How LuLaRoe Went from a $1 Billion Business to a Magnet for Multi-Million Dollar Lawsuits

How LuLaRoe Went from a $1 Billion Business to a Magnet for Multi-Million Dollar Lawsuits

image: LuLaRoe LuLaRoe is imploding. Despite boasting sales that soared 600 percent last year to around $1 billion and a seller base of more 80,000 individuals in the U.S., alone, the online retailer has been increasingly plagued with a flurry of consumer complaints and ...

October 19, 2017 - By TFL

How LuLaRoe Went from a $1 Billion Business to a Magnet for Multi-Million Dollar Lawsuits

Case Documentation

How LuLaRoe Went from a $1 Billion Business to a Magnet for Multi-Million Dollar Lawsuits

 image: LuLaRoe

image: LuLaRoe

LuLaRoe is imploding. Despite boasting sales that soared 600 percent last year to around $1 billion and a seller base of more 80,000 individuals in the U.S., alone, the online retailer has been increasingly plagued with a flurry of consumer complaints and litigation in recent years. Most of the fallout centers on LuLaRoe’s allegedly defective products, its purportedly fraudulent business practices, and its so-called “pyramid scheme” model.

Operating under a multi-level marketing model, LuLaRoe – which was founded by DeAnne Stidham, who, according to the company’s website, was a single mother of seven children, when she launched LuLaRoe in 2012 – relies on individual sellers (technically independent contractors, as distinct from employees), who sign up to act as representatives or “consultants” (LuLaRoe’s lingo) for the brand, and earn a commission based on their sales.

As noted by CBS earlier this year, “To become a LuLaRoe vendor, new salespeople are required to buy what the company calls ‘onboarding packages’ containing an assortment of the its [garments], at a price of $4,925 to upwards of $9,000. LuLaRoe also recommends that salespeople keep about $20,000 in inventory at any given time and encourages consultants continually to invest in their businesses.”

One of the biggest problems with LuLaRoe, according to no shortage of the company’s consultants? Despite the company’s buyback policy – in connection with which LuLaRoe has vowed to buyback 100 percent of a consultant’s unsold inventory that is in “acceptable condition” if a consultant wishes to cease working with the company – it has ceased to do so.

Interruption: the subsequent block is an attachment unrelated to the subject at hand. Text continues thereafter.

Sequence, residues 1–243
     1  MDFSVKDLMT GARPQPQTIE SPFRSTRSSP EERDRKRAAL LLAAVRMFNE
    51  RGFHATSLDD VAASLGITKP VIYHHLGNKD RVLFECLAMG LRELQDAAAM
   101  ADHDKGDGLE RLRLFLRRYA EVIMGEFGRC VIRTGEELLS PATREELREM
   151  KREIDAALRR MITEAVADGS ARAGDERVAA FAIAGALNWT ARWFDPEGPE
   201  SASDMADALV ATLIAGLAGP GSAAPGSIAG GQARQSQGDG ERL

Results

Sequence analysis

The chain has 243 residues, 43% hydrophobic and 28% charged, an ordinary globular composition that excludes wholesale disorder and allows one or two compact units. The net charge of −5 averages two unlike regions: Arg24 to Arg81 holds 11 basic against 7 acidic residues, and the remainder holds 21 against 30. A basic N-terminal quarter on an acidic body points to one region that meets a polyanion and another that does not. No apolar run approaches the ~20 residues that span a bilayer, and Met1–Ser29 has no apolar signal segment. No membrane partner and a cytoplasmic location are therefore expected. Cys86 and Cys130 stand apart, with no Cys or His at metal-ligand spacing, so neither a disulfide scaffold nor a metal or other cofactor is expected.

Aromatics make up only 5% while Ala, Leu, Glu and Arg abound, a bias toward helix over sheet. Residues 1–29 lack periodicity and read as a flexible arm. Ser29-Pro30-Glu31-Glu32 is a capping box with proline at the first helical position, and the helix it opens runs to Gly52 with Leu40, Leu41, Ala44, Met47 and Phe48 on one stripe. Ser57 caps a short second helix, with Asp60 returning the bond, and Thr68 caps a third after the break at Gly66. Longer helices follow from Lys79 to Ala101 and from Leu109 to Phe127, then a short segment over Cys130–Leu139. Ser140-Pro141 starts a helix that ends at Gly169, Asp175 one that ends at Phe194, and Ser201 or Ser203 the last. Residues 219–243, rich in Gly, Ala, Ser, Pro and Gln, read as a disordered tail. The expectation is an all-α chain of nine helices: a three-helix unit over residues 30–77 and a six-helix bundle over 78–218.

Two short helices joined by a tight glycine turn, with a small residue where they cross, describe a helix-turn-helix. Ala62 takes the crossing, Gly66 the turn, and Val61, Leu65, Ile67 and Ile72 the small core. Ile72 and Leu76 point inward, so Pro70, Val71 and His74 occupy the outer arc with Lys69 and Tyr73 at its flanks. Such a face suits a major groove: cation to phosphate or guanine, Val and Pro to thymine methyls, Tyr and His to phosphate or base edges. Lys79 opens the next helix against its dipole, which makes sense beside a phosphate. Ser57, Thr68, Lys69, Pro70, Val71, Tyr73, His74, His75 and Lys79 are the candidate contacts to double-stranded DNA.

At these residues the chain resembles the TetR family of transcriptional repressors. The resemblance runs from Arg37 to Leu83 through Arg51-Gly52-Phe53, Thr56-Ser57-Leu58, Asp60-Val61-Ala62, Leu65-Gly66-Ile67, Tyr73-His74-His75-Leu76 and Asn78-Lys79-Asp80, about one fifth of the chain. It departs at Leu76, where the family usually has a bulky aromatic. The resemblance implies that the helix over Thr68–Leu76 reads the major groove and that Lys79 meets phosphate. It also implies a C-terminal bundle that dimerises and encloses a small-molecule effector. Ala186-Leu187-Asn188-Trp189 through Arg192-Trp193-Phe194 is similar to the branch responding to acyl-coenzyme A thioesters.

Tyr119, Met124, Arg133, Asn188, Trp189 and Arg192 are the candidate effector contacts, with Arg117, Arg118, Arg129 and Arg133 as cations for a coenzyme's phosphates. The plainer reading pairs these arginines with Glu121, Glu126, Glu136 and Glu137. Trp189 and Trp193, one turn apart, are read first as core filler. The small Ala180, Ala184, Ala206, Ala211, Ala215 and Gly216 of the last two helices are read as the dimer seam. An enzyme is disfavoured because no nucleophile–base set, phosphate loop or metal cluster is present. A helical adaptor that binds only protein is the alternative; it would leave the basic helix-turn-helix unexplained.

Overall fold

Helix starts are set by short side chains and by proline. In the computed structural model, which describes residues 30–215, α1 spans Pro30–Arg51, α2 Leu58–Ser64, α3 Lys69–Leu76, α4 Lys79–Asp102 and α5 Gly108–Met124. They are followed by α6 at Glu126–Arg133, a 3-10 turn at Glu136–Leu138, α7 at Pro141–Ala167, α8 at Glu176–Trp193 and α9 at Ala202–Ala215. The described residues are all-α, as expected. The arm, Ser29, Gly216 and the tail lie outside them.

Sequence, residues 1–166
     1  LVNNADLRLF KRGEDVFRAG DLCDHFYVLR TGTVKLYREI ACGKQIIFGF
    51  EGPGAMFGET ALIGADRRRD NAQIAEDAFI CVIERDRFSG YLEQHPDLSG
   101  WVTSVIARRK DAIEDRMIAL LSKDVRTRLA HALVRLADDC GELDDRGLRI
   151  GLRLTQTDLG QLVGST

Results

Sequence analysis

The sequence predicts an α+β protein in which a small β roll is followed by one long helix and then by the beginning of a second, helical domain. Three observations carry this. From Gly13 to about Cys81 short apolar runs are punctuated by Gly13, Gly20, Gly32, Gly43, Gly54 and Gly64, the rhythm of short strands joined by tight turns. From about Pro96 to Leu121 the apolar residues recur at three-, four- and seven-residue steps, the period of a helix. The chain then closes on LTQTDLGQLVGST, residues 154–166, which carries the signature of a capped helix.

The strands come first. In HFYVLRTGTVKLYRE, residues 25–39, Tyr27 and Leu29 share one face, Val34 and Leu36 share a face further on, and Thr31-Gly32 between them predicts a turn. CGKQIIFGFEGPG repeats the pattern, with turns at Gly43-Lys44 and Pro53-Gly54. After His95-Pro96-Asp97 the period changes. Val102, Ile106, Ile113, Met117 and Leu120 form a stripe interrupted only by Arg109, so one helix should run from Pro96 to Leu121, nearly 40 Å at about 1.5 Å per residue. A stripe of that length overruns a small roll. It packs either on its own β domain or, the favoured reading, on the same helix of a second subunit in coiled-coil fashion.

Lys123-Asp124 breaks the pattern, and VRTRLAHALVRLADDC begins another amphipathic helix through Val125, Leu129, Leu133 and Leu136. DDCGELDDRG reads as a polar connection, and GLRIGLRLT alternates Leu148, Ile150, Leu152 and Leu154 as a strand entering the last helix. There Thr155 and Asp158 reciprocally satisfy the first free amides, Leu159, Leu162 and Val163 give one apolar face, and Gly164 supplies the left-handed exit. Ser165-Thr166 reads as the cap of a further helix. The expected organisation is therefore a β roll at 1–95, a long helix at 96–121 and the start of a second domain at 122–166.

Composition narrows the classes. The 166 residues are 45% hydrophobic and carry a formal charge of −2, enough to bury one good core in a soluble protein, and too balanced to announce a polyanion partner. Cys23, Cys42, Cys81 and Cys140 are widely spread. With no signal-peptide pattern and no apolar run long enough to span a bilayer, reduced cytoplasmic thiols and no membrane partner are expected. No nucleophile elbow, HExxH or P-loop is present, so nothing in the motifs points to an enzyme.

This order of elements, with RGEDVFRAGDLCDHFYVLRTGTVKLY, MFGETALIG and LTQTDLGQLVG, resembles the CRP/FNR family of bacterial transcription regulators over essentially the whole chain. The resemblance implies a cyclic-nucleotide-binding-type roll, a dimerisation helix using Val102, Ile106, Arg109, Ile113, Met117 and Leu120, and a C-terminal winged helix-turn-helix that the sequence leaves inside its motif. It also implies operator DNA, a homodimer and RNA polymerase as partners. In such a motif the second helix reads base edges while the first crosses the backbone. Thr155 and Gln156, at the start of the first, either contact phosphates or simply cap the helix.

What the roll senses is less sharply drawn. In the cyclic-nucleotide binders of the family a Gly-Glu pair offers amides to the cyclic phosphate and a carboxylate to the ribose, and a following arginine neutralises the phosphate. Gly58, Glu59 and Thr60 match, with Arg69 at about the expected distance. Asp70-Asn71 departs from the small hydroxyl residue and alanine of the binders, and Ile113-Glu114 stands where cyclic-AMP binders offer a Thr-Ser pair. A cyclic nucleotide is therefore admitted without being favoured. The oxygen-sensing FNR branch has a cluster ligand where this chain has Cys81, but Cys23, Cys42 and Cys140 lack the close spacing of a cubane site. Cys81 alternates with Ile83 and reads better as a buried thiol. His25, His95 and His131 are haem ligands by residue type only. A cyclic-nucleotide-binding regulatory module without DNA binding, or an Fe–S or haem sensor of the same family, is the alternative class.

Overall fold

In addition to consistent complaints from LuLaRoe consultants, claiming that the company is little more than a “scheme made to look like a real business,” there is also the issue of defective garments, which, according to CBS, LuLaRoe has compounded by “refusing to accept returned merchandise [from consultants] that was torn after being worn or washed once, according to three sales reps. As result, some LuLaRoe salespeople are stuck with thousands of dollars of unsellable merchandise.”

And still yet, CBS’ striking report – which was published in March – shed light on the allegedly toxic culture that runs rampant through the LuLaRoe community. “Sales reps who have publicly raised concerns about LuLaRoe’s business practices have found themselves punished by the company, which refuses to honor their orders,” sources told CBS. “LuLaRoe encourages salespeople to report fellow vendors who speak negatively about it to its compliance department,” others stated.

Two Months, Two Class Actions

It is against this backdrop that in April, LuLaRoe found itself on the receiving end of a second class action lawsuit in just under two months. The first lawsuit – which was filed in February in federal court in Pennsylvania by LuLaRoe consultant Rachael Webster – alleged that LuLaRoe is “improperly and fraudulently add[ing] a surcharge to purchases disguised as a ‘sales tax’ that does not exist.” 

In particular, Webster claims that LuLaRoe “overcharges buyers up to 10.25%” – the highest combined clothing sales tax as of January 2016 – “every time a consultant who lives in a jurisdiction that taxes clothing makes a sale where delivery is made to a jurisdiction that does not.”

In the second suit, which was filed in April in federal court in San Francisco, plaintiffs Julie Dean and Suzanne Jones argue that LuLaRoe has engaged in unfair, unlawful, and fraudulent business practices by advertising and selling defective leggings, prompting thousands of unsatisfied LuLaRoe customers to complain – on Facebook and in other forums – about the brand’s leggings, which are “of such poor quality that holes, tears, and rips appear before wearing, during first use or shortly thereafter.”

That suit further alleged that LuLaRoe has a history of misrepresenting the quality of its products, and of failing to disclose the unfit and defective nature of the products in an “immoral, unethical, oppressive, unscrupulous, or substantially injurious” manner.

As of now, both of those lawsuits are still pending in their respective courts.

“Confidential” and “Defamatory” Information

Representatives for LuLaRoe have categorically denied all of the allegations lodged against the company in the aforementioned lawsuits, and have even recently taken what appear to be early steps in preparation for initiating litigation of its own.